Libido & Testosterone

by Ashley Ellefsen February 16, 2017

An aphrodisiac is a substance that increases libido when consumed.  Originally stemming from the Greek word aphrodisiakon meaning ‘pertaining to Aphrodite’, the Greek goddess of love.  You see, aphrodisiacs and the human desire to boost libido have been around since the beginning of time.  Many foods, drinks and even behaviors have had a reputation over time of making sex more attainable or pleasurable.  

For example chocolate and oysters are commonly known aphrodisiacs. In some cultures, even consuming animal testicles is said to increase sexual arousal.  However, food items don’t often contribute to the actual physiological problem in one’s body; there’s usually more of a placebo effect taking place.  Mental association is very strong, take for example cherries. Cherries are a said aphrodisiac but more likely, the effect is based on a mental link to the symbolism of the cherry representing virginity.  Another example: melons representing breasts.

But before I lose you….let’s get to the science of it all.  Libido is known more commonly as a persons sex drive and can be influenced by biological, psychological or social factors.  But, it’s clearly linked to levels of sex hormones, particularly testosterone.  Now testosterone products, are one of the fastest growing categories of nutraceuticals.  In the prescription drug world, testosterone product sales have sky rocked by 500% since 1993.

Testosterone benefits the body in many ways.  It’s necessary to maintain a healthy level of testosterone in order to maintain a healthy pain response, sufficient levels of red blood cells, regular sleep patterns, optimal bone density, muscle mass and high energy levels.  

As we age, our testosterone levels naturally decline but this can be accelerated by lifestyle.  Chronic stress, insufficient nutrition, imbalanced microflora, low levels of vitamin D, weight gain, inadequate exercise and many prescription drugs.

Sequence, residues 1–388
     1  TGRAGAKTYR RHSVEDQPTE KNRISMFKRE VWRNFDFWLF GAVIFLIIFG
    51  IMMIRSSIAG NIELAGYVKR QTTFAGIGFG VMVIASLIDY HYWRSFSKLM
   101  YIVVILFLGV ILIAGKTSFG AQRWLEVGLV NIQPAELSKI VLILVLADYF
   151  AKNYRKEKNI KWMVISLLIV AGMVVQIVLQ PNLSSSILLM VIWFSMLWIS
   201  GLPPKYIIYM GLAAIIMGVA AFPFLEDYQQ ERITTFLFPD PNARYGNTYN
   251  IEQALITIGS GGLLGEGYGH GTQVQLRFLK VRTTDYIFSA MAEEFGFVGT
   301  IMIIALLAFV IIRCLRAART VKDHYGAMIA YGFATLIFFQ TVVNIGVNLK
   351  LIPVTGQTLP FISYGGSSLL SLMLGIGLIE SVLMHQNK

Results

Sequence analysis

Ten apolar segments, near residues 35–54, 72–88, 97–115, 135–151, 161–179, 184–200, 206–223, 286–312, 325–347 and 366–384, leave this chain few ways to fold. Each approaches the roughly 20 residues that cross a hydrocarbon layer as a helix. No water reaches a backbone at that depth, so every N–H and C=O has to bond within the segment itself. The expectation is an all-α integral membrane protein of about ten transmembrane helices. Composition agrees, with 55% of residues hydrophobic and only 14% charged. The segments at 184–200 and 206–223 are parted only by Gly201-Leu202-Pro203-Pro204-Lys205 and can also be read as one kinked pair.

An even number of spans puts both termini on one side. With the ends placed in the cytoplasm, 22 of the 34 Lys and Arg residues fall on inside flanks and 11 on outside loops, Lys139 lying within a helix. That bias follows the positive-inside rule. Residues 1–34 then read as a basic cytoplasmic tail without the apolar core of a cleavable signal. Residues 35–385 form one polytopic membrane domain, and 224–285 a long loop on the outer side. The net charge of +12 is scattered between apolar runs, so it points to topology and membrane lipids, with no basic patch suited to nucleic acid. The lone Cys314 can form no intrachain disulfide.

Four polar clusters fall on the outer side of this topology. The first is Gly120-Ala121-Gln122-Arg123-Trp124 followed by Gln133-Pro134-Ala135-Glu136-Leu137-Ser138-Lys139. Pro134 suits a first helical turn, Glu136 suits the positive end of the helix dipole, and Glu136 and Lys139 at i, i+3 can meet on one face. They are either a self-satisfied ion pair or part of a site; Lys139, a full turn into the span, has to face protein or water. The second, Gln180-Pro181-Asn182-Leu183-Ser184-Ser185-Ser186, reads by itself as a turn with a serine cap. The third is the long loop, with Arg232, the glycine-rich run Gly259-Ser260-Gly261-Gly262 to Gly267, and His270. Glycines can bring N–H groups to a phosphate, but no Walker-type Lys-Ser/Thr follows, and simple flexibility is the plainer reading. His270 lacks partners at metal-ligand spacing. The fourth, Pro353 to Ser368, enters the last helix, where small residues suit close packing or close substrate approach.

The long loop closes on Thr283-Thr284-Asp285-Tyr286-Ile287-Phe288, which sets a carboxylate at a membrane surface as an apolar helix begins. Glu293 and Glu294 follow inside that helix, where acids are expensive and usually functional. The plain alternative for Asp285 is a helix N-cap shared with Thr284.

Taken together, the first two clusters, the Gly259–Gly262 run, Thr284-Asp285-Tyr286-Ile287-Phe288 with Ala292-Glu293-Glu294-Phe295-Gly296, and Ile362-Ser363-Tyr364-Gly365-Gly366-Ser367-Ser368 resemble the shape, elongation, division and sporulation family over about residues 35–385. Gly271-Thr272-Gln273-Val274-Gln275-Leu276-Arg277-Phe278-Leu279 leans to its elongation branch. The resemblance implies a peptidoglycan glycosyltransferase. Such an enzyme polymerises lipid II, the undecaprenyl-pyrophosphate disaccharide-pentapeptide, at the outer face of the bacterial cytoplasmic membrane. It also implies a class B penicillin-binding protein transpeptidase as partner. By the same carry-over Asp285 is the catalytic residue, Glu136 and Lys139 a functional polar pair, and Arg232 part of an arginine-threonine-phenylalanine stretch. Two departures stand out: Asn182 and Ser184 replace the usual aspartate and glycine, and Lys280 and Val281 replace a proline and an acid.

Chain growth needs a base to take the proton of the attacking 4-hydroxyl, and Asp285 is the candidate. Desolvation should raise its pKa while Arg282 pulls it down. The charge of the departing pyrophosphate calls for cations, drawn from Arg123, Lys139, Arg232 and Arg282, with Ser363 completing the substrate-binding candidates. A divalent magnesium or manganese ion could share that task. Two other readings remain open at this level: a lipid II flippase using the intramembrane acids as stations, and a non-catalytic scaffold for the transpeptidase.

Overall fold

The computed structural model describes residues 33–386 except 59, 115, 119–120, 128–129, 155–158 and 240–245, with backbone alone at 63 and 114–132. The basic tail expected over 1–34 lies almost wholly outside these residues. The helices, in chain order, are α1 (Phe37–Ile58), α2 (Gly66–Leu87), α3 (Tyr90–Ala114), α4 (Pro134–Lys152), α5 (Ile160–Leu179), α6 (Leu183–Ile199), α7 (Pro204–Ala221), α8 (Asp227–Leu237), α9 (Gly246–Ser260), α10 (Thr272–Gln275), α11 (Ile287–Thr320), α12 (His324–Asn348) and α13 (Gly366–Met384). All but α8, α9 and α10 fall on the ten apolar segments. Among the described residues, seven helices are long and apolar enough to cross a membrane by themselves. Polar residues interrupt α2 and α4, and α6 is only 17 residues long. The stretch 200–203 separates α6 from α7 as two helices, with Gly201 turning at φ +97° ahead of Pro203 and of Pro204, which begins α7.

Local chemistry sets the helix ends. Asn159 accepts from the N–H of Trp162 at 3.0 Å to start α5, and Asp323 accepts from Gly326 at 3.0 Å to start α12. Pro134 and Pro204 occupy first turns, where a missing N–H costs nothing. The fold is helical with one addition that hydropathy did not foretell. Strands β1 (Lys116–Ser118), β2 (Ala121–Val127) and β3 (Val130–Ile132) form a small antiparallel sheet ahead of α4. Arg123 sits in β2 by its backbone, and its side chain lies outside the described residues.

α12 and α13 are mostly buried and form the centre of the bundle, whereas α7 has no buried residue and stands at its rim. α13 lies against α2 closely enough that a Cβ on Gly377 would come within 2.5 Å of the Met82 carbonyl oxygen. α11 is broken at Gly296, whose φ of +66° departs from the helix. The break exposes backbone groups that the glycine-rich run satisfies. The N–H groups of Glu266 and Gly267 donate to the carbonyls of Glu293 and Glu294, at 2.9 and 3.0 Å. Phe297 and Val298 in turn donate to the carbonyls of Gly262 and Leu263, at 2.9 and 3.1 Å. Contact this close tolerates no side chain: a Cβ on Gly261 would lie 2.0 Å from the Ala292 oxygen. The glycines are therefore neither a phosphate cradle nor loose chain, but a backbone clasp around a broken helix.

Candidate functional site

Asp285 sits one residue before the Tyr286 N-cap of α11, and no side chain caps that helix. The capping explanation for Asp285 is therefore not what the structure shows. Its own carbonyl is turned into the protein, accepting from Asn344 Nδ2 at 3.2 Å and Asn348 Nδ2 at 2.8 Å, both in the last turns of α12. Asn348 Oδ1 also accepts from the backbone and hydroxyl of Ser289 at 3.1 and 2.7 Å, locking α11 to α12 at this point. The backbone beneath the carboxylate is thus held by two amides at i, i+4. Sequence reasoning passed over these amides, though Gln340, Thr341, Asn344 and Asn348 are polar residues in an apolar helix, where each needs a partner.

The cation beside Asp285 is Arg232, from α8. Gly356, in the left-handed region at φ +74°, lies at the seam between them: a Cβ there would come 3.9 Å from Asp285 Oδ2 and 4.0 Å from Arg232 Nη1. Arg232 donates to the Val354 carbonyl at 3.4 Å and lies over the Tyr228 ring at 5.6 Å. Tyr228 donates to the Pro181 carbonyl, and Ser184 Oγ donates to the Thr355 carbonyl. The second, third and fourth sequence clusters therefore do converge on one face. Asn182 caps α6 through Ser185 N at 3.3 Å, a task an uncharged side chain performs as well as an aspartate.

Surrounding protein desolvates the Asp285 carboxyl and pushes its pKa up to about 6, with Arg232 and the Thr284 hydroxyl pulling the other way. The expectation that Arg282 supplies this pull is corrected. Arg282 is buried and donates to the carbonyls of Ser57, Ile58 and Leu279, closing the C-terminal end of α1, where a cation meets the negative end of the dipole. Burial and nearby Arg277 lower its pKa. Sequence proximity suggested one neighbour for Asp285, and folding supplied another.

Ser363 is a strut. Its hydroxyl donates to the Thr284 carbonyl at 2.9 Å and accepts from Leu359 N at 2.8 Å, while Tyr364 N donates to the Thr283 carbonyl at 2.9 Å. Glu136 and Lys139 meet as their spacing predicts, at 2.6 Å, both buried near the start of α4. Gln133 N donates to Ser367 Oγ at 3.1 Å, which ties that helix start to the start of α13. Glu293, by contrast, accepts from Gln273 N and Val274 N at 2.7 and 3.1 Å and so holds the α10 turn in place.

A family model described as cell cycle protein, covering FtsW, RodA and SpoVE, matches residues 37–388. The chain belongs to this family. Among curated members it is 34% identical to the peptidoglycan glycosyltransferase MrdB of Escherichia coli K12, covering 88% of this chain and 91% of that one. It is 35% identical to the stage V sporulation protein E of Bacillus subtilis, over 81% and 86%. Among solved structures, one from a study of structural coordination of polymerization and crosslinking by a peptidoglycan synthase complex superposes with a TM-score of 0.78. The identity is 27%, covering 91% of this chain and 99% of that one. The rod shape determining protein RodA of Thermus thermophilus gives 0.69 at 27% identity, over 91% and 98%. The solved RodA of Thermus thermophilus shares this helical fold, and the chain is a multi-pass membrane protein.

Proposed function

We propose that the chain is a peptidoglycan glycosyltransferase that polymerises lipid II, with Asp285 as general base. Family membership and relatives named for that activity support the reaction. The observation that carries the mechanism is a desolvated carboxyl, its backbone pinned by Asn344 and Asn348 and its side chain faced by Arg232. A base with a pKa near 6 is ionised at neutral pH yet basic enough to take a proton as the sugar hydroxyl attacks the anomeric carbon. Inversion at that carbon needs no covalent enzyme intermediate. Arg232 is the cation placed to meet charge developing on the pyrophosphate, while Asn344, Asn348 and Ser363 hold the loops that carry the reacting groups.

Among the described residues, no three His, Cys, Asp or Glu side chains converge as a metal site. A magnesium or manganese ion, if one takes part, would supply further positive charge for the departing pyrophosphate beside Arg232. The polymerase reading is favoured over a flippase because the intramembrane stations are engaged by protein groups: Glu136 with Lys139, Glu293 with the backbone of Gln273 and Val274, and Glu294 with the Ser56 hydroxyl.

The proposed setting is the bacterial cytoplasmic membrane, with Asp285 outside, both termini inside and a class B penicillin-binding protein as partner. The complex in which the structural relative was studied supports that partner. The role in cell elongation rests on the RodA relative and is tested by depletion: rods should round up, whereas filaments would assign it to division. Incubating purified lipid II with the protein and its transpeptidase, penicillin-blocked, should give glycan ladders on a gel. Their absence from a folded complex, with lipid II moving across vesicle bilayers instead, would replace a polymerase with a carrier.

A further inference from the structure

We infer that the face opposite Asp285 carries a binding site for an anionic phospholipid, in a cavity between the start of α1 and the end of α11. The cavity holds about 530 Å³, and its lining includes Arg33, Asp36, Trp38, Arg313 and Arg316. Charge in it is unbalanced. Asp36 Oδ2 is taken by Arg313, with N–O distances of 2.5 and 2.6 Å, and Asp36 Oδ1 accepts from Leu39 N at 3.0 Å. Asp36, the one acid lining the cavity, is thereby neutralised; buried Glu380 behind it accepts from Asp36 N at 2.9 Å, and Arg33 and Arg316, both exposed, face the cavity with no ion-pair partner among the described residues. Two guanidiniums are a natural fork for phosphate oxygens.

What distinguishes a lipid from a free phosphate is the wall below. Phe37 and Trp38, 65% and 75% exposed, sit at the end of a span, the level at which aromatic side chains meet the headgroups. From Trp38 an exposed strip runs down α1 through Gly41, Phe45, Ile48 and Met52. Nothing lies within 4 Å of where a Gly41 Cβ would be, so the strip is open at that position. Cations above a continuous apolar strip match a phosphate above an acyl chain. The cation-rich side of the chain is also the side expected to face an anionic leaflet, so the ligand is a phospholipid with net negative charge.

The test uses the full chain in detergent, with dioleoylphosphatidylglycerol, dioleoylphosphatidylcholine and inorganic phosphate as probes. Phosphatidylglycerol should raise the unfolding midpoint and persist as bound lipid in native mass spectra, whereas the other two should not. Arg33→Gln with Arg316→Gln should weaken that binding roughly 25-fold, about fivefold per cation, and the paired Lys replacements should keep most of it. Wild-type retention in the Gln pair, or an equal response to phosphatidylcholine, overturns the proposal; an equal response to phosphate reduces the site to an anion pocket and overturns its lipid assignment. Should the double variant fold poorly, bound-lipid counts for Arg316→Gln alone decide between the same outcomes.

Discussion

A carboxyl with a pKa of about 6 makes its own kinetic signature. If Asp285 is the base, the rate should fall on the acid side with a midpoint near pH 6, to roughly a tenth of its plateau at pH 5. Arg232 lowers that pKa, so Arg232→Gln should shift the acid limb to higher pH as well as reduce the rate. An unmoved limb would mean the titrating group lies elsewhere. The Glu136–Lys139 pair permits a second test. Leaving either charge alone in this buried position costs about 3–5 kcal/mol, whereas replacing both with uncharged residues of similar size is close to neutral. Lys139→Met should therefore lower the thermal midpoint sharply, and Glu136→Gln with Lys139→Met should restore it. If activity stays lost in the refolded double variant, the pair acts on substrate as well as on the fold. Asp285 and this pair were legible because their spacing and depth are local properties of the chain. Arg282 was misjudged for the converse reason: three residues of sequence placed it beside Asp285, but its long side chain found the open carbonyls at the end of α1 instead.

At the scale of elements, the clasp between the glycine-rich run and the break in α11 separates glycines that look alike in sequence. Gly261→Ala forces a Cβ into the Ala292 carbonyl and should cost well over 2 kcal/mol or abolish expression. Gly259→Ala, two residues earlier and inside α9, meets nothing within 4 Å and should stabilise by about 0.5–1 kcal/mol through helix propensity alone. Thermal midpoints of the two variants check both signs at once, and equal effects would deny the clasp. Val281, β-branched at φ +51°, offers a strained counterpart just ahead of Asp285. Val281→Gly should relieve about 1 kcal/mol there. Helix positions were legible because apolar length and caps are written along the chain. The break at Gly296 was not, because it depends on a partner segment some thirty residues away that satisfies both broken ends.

Men. Between 2-4 million men in the US alone suffer from below-normal testosterone levels, a condition known as hypogonadism, and it’s reported that only 5% are seeking any kind of treatment. Now, make sure you consult a physician before treating for low testosterone…if you have an enlarged prostate or evidence of prostate cancer, tester one treatments may be dangerous.  Some of the symptoms of low testosterone in men include: low interest in sex, fatigue, muscle weakness, weight gain around the waist, depression and even anemia. Low testosterone can be caused by a number of factors: aging, injury, infections and excess body fat are just a few.  Testosterone is normally broken down in the body’s fat cells, so if you have a lot of fat, your body will break down the testosterone extra fast.  And, abdominal fat has a greater capacity to convert testosterone to estrogen…more than other types of fat.  

Women. Where testosterone is known primarily as a “male” hormone, it’s also made in small amounts by our adrenal glands and ovaries.  A woman's testosterone is highest around age 20 and slowly declines with age.  In women, testosterone is linked to sex drive but for us, interest in sex is much more complicated than just testosterone levels.  Testosterone treatment for women is still quite experimental when applied to increase sexual interest, arousal and satisfaction.  Women who may benefit from low dose therapy include those who have had their ovaries removed, have a low sex drive cased by medicine or those who have adrenal system problems. You would not want to take testosterone if you are pregnant, trying to become pregnant, have or have had breast or uterine cancer, liver disease, heart disease or high cholesterol.  

Some natural ways to boost your testosterone include: intermittent fasting, heavy weight training, adding healthy fats to your diet, trying a liver detox, reduce your stress, increase your Vitamin D, cut sugar intake, Sleep and lower your body fat percentage.  

Outside of these behavioral modifications and beyond the pharmaceutical testosterone treatments, there are many natural remedies and supplements available.   Of course, you can try the natural testosterone booster made by On Point Supplements, called Overwatch.  Overwatch will help you increase lean muscle mass, elevate energy levels and boost libido.  Alternatively, Overwatch can be used as a post cycle therapy treatment, allowing you to maintain cycle gains by reigniting your bodies natural production of testosterone.  

When choosing a natural testosterone booster, be on the lookout for for these common, all natural ingredients:


  • D-aspartic acid
  • Vitamin D
  • Boron
  • Malaysian Ginseng (also known as tongkat ali)
  • Puncturevine (also known as tribulus terrestris)
  • Ashwagandha (also known as withania somnifera)
  • Yohimbe
  • Pine Bark Extract
  • L-arginine
  • Zinc
  • Propionyl-L-carnitine
  • Niacin
  • Garlic


Stay safe and stay on point!



Check out my segment on The BOLO Podcast, where I talk about libido and testosterone!  

Ashley Ellefsen
Ashley Ellefsen